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Dowling’s Impact Crater Experiment Featured in the American Association of Physics Teachers’ Journal



ME Professor David Dowling partnered with his son, Thomas, to create an experiment that involves the formation of small impact craters in granular materials and then identifying parametric trends with dimensional analysis. Together, they have written an article outlining the experiment and its implications, which has been selected by the American Association of Physics Teachers’ Journal to be published in November 2013.

Dowling was initially introduced to the idea of studying crater formation while watching Bill Nye the Science Guy, who used a slingshot to launch a projectile into a bed of flour. Years later, Dowling’s third son, Thomas, decided to quantitatively recreate the experiment for a science fair project during his sophomore year of high school. The results were more significant than expected, as Dowling realized that the simple high school project could serve as a shockingly accurate predictor of the impact energy that created the Barringer Meteor Crater in Northern Arizona.

Dowling and his son gathered some household items including a mixing bowl, bag of sand, two bags of granulated sugar, and various spherical objects such as super balls and golf balls. In the garage, they dropped seven spheres of various sizes into a bed of sand, and then sugar, from four different heights, and recorded the diameter of each small impact crater. The crater-diameter results were then found to depend only on 3 parameters (kinetic energy lost on impact, acceleration of gravity, and density of the granular material) through a simple algebraic relationship.

Dowling said that after extrapolating his son’s results to the size of the Barringer Meteor Crater, he found that prior geophysical estimates of the crater’s formation energy fit the same scaling relationship as the simple experimental results. Thus, by inverting the measured algebraic relationship, the results from simple, inexpensive, and safe experiments could be used to make an independent prediction the Barringer crater’s impressive impact energy, 500 to 1000 times greater than that released by either of the atomic weapons that ended WW II in the Pacific.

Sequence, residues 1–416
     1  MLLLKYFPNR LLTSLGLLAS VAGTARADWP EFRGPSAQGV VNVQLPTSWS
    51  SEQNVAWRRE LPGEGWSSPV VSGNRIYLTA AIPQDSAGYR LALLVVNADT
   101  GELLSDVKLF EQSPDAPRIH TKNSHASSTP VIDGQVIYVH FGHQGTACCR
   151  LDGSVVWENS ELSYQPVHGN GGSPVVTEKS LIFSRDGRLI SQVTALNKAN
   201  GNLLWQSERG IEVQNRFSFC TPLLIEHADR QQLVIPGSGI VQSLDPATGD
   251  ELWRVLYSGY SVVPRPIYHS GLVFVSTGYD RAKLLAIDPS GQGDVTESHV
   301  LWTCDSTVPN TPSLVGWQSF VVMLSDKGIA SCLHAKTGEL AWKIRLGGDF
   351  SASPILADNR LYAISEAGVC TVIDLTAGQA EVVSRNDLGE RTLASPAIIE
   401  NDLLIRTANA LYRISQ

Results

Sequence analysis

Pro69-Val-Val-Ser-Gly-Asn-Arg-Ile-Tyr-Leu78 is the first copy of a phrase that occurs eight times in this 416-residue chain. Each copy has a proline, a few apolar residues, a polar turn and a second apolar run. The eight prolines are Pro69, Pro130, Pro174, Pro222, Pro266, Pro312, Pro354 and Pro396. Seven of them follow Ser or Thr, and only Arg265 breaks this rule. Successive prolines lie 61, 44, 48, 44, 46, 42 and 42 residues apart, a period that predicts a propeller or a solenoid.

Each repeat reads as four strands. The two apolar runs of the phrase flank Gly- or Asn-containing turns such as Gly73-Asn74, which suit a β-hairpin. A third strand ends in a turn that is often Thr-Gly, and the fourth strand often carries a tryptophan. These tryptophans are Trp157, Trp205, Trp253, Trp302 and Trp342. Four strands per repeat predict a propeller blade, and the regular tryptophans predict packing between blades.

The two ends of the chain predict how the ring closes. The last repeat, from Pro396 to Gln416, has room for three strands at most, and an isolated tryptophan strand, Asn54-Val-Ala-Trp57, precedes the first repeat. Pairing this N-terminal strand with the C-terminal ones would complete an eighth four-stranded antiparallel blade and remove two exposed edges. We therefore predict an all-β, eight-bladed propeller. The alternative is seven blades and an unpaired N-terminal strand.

“You don’t need a lot of fancy physics to explain the Barringer Meteor Crater,” Dowling said. “All you need to know are a few physical parameters from the impact site; the physics appears to be the same for laboratory and geo-physical crater formation.”

The article, soon to be published, includes both the log-log graph and parameter table, and explains the accessibility of the experiment, suggesting its value in both high school and undergraduate instruction.

“At the undergrad level, you can have them formulate the theory from dimensional analysis, and at the high school level, you can hand them the theory and say, ‘see if it works.’” Dowling added. “It’s a good, inexpensive way to teach the scientific method, and the results are immediate.”

Last year, Dowling based an exam question on the experiment, and now uses it as an example for teaching dimensional analysis in his graduate-level course, ME 520 Advanced Fluid Mechanics. In addition, he is currently revising his textbook to include the experimental process and the development of the crater scaling law.

Fluid mechanics, which includes the study of flowing unconsolidated granular material such as the fractured sandstone that holds the shape of the impact crater in Arizona, has always intrigued Dowling. Before deciding to study fluid mechanics academically, Dowling enjoyed water sports as a child; hence, he had already gained some knowledge of the topic before learning how to tackle the complicated mathematical problems that would inevitably come along later in his education.

Additionally, he said that many concepts related to physics, such as the study of electromagnetic waves, are less accessible than fluid mechanics because they are invisible to the naked eye and intangible.

“Fluid mechanics is the nonlinear field theory you can see,” Dowling said. “I can observe it myself, I don’t need a lot of special equipment; I can go outside and look.”

Dowling’s impact crater experiment is accessible not only because its results are immediate and visible, but also because it was done at home, in a garage. Anyone can replicate the results for themselves.

“Every time I describe this to someone, it almost always brings a smile to their face as they say, ‘you did that in your garage and now you can predict the energy associated with this giant crater,’” Dowling said. “People just like that.”

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